Dark Urine in Dogs - What Does the Color of Your Dog’s Urine Mean?

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What does discolored urine in dogs mean?

The color of a dog's urine can vary from yellow to various darker shades. Changes in urine color can be caused by various factors such as changes in water intake, the presence of stones, liver disease, bleeding, exposure to toxic substances, etc. The more common discolorations include dark yellow, brown, red, or pink urine which indicates an abnormal situation worth visiting the veterinarian to determine the exact cause.

What causes urine discoloration in dogs


The causes of changes in a dog's urine color are very diverse:

  • Dehydration

    Dehydration can be inferred from the state of a dog's urine. Dehydrated urine appears dark or light yellow. If the urine color does not clear up despite adequate water intake, the cause of dehydration should be investigated.

  • When there is excessive water intake, the color of urine can become close to colorless. A sudden increase in water intake may require investigation for conditions such as diabetes, Cushing's disease, or kidney disease. Excessive water intake can lower the sodium levels in the body, leading to hyponatremia and symptoms such as seizures.

  • Kidney or bladder stones

    If there are stones in the kidneys or bladder, the color of a dog's urine may appear brown or pink.

  • Liver disease

    If there are problems with the liver, the color of urine may change from dark yellow to brown due to excessive secretion of bilirubin, a pigment found in bile.

  • Pancreatitis is caused by inflammation in the pancreas gland, causing urine to turn dark orange.

  • Muscle damage

    Excessive damage to the muscles or the discharge of a mixture of oxygen and myoglobin in urine due to stress can cause the urine to appear orange or brown.

  • Bleeding

    Hematuria, which is the presence of blood in the urine, can occur due to causes such as urinary tract infections, stones, clotting disorders, or tumors.

  • Ingestion of toxic substances

    If a dog ingests toxic foods such as Tylenol, onions, garlic, etc., the urine may appear dark brown.

Similar symptoms of discolored urine in dogs

Changes in urine color can be visually confirmed and various accompanying symptoms may occur depending on the cause. If dark yellow, brown, red, or pink urine is observed, it is necessary to visit a veterinarian for proper testing to determine the cause.

Risk of discolored urine in dogs

Among the causes of changes in urine color, the ingestion of toxic substances is the most dangerous and can lead to an emergency. Ingesting Tylenol can cause symptoms of poisoning, along with changes in urine color, and can result in conditions such as liver failure, hemolysis, respiratory distress, and cyanosis. It is important to recognize that this is a very critical situation. Ingesting onions, leeks, etc., can destroy red blood cells and lead to anemia as well. For the remaining causes, monitor your pet closely for any other symptoms that may indicate an underlying condition to assess when to see a vet.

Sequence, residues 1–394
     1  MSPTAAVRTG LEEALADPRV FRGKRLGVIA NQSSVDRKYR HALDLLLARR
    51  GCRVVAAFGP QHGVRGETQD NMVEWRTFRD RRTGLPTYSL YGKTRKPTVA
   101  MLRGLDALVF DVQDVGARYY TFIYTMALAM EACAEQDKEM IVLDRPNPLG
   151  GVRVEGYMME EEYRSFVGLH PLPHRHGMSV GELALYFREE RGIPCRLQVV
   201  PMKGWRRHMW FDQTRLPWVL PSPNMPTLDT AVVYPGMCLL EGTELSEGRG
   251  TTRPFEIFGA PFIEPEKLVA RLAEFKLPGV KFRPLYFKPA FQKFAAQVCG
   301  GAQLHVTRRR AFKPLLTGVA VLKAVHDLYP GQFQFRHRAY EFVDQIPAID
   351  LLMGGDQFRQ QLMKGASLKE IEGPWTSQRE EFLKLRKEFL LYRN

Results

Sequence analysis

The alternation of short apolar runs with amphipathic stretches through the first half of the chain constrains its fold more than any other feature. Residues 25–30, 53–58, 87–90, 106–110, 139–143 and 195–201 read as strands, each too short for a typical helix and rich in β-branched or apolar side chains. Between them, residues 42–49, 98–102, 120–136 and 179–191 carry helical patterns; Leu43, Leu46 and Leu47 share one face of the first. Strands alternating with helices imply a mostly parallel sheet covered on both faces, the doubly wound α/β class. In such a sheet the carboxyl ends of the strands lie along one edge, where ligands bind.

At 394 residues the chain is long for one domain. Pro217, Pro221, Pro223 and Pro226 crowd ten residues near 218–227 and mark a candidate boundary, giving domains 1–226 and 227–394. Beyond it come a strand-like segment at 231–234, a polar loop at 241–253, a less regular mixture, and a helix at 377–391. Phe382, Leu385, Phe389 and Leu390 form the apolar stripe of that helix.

Home treatment for discolored urine in dogs

Due to the varying causes of discoloring urine in dogs, it is recommended to visit a veterinarian for testing and prompt treatment for the underlying cause.

Diagnosing discolored urine in dogs


When visiting a veterinarian due to changes in your pet’s urine color, a veterinarian will questions about your pet’s situation such as any recent stressful events, trauma, or ingestion of toxic substances. A physical examination will be conducted, which includes palpating the dog to check for abdominal pain or the presence of lumps. Urinalysis and blood tests can be performed to assess kidney function, sediment content, etc. X-rays can be taken to check for the presence of urinary stones. Ultrasound can be used to detect small stones. Urine tests and bacteria cultures can be conducted to determine if the cause of color change is related to blood, hemoglobin, myoglobin, or bilirubin.

Treatment for discolored urine in dogs

The treatment for changes in a dog's urine color depends on the underlying cause. Bladder stones may require surgical removal. In case of infection, appropriate antibiotics can be prescribed after a susceptibility test. Muscle damage may require fluid therapy and adequate rest. The remaining underlying conditions that cause discolored urine will have their appropriate treatment according to the veterinarian’s judgment.

Preventing discolored urine in dogs

To prevent changes in your dog’s urine color, a clean water source should always be available for the dog to drink from. Preventing diseases such as stones and liver problems is challenging, it is recommended to observe the color of urine and promptly address any issues with your veterinarian.

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